“Food is the way I communicate,” said Lidia Bastianich during an interview with The Independent. Today Bastianich is a celebrity chef, an Emmy-award winning television host, best-selling author, and restaurateur. It’s a far cry from her formative years as a child living in a refugee camp before coming to the U.S. and living out the American dream. Now, after decades of introducing Americans to Italian food, Bastianich tells her story.
She specializes in Italian cuisine and owns several restaurants in the U.S., including New York’s Del Posto, Becco, and Felidia. In 2014, she launched her fifth television series, “Lidia’s Kitchen.” She’s also a partner in a culinary mecca, the specialty food shop Eataly. Not to mention her line of artisanal pastas and all-natural sauces.
On Saturday, July 13, she will be the honored chef at this summer’s Hamptons Happening event, a benefit for the Samuel Waxman Cancer Research Foundation.
“It’s such a good cause, such a good place to have it,” said Bastianich of the upcoming event, which will be held at the home of Maria and Kenneth Fishel in Bridgehampton. There will be chef tastings from restaurants with a “Tour De Cuisine” theme featuring dishes from around the world.
“I do a lot of fundraisers, but cancer research we need to be working on it as much as we can . . . so that these doctors can really get to the bottom of it and hopefully find a cure,” she stated.
She noted the Waxman foundation has worked to develop the first successful targeted differentiation therapy for acute promyelocytic leukemia and called it “a great step.”
“We need to support these individuals,” she said of the scientists working to find the cures for cancer. The mission of the SWCRF is to eradicate cancer by funding collaborative cross-institutional research to identify and correct abnormal gene function that cause the disease. This research is the basis for developing minimally toxic treatments for all cancer patients.
Bastianich is no stranger to the East End, and she resides on the North Shore. “I do come out there periodically for visits,” she said. In the past, Bastianich has been involved in East Hampton Library’s Authors’ Night and the James Beard Foundation’s Chefs & Champagne culinary event.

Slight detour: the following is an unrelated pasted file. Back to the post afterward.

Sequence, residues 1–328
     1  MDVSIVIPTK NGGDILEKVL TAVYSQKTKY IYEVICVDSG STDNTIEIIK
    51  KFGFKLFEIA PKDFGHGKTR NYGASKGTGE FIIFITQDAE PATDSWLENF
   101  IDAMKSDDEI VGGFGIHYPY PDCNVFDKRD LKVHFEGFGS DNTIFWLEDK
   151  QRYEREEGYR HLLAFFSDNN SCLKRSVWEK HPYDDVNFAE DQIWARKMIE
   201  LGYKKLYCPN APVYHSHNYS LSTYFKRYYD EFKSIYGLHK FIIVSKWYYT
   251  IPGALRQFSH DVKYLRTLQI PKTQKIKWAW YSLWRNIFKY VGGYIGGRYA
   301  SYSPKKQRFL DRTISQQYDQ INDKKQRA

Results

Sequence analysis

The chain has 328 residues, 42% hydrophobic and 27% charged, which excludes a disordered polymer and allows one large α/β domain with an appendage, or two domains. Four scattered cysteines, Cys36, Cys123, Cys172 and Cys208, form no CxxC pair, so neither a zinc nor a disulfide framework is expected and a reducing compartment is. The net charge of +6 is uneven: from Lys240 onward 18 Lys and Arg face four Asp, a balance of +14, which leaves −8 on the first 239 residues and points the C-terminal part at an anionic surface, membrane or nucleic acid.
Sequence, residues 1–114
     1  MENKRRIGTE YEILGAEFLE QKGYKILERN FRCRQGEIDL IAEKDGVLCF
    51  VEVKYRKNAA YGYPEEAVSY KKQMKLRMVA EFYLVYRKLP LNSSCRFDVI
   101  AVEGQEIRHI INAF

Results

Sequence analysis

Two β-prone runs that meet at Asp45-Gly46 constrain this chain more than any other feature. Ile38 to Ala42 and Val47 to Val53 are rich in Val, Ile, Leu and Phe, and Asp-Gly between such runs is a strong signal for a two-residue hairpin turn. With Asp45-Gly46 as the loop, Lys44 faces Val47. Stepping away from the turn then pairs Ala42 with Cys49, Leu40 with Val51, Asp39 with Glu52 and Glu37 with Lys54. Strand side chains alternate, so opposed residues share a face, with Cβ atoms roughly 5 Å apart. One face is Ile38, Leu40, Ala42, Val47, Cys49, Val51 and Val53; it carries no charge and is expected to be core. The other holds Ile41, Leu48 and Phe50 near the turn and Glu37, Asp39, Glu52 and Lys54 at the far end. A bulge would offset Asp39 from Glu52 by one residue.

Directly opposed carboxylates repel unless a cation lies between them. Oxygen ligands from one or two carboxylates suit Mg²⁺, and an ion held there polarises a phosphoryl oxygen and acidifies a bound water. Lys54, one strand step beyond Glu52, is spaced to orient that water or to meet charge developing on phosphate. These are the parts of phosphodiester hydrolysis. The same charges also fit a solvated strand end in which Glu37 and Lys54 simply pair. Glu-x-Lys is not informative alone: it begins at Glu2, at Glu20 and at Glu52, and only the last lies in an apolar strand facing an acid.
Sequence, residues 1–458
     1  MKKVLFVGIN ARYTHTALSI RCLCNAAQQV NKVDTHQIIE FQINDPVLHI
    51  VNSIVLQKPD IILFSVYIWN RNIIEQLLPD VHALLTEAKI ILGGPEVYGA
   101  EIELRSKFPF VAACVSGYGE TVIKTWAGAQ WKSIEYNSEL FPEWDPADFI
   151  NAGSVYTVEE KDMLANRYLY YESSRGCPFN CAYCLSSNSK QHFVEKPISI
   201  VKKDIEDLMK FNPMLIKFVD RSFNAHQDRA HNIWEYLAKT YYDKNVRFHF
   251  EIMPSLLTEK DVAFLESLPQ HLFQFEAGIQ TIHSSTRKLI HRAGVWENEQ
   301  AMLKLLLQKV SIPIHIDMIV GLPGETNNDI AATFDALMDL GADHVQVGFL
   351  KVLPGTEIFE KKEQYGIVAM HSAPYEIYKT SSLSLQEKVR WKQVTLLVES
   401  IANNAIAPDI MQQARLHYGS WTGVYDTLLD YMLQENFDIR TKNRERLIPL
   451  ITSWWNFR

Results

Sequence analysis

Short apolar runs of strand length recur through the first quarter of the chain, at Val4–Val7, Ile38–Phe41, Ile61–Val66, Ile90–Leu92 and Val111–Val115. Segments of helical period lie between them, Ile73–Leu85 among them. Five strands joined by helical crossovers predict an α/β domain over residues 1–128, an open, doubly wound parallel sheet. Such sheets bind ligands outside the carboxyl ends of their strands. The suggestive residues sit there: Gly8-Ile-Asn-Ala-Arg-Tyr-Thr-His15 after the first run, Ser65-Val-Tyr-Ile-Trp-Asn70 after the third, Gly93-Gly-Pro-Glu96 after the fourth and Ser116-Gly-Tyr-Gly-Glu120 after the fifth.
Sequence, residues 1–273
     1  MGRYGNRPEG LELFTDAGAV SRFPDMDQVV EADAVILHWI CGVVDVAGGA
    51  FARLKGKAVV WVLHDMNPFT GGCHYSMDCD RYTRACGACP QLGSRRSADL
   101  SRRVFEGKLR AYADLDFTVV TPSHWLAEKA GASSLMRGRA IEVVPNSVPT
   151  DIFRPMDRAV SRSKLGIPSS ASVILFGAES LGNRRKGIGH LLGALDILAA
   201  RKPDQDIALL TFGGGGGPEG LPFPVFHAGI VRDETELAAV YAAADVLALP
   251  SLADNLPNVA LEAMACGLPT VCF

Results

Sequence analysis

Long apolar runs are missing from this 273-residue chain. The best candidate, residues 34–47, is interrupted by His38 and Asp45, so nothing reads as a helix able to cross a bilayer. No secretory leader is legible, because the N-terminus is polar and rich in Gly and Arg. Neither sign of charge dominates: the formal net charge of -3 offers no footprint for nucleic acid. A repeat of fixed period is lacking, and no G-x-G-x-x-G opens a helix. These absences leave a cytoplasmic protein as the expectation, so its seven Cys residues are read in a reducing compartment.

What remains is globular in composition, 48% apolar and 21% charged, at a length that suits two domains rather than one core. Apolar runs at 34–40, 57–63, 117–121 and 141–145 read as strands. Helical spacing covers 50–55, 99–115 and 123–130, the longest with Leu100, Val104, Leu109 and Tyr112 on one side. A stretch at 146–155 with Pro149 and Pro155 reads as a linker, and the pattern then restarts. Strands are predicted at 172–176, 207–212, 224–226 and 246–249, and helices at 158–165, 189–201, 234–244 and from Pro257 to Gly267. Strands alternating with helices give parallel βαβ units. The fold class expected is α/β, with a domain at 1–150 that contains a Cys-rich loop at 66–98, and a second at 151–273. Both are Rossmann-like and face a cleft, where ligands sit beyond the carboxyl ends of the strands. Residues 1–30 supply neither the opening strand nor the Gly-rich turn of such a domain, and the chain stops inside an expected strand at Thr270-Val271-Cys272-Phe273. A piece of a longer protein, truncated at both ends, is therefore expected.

With a dozen cookbooks under her belt, her latest tome is her 2018 memoir, “My American Dream: A Life of Love, Family, and Food.”
“People wanted to know more about Lidia,” she said. And her story is one that many of us could never imagine. “I’m no stranger to adversity,” she described.
She was born in Pula, located on the Istrian peninsula. She learned to cook as a young child by watching her grandmother.
When Bastianich was a young girl, Istria was annexed from Italy by the communist regime. Her family fled to Trieste where they spent two years in a refugee camp before coming to New York. “I come from a part of Italy that is no longer Italy,” she said.
“As a child, I got caught behind communism. Changed my name. I couldn’t speak Italian; we couldn’t go to church. A lot of my freedoms were taken away,” she recalled. “We had to escape.”
While at the refugee camp, she spent time “wondering what the future of our lives were going to be.” In 1958, her family made it to the United States.
“I was 12 years old. At 12, you take on the country and I did with all my heart. I could be who I am. We could speak Italian,” she recalled about arriving in America.
Food opened up the doors to opportunity for her and she stated, “There’s no place in the world that could happen . . . There’s no place like America.”
Bastianich started working part-time when she was 14. She briefly worked at the Astoria bakery owned by Christopher Walken’s father. After graduating from high school, she worked at a pizzeria on the Upper West Side.
Family is most important to Bastianich. Her two passions are family and food. And many of her businesses are shared with her children, Tanya and Joe.
“For us Italians, family is first and foremost. Food is the second,” she said. “We have four generations at the table. There’s nothing better than that for me.”
“When you know that you have the security of the family, when you know that the table is always there and there’s always a chair for you, you can go out and face the world with more strength,” she continued.
To join Bastianich at the Hamptons Happening, visit www.waxmancancer.org for tickets, which start at $425 or $200 for young professionals. Felidia’s Executive Chef Fortunato Nicotra will be preparing dishes at the event.
“It gives me a big sense of accomplishment,” Bastianich said about being honored. “It makes me feel so good that I can finally give back.”
To learn more about Bastianich, visit www.lidiasitaly.com.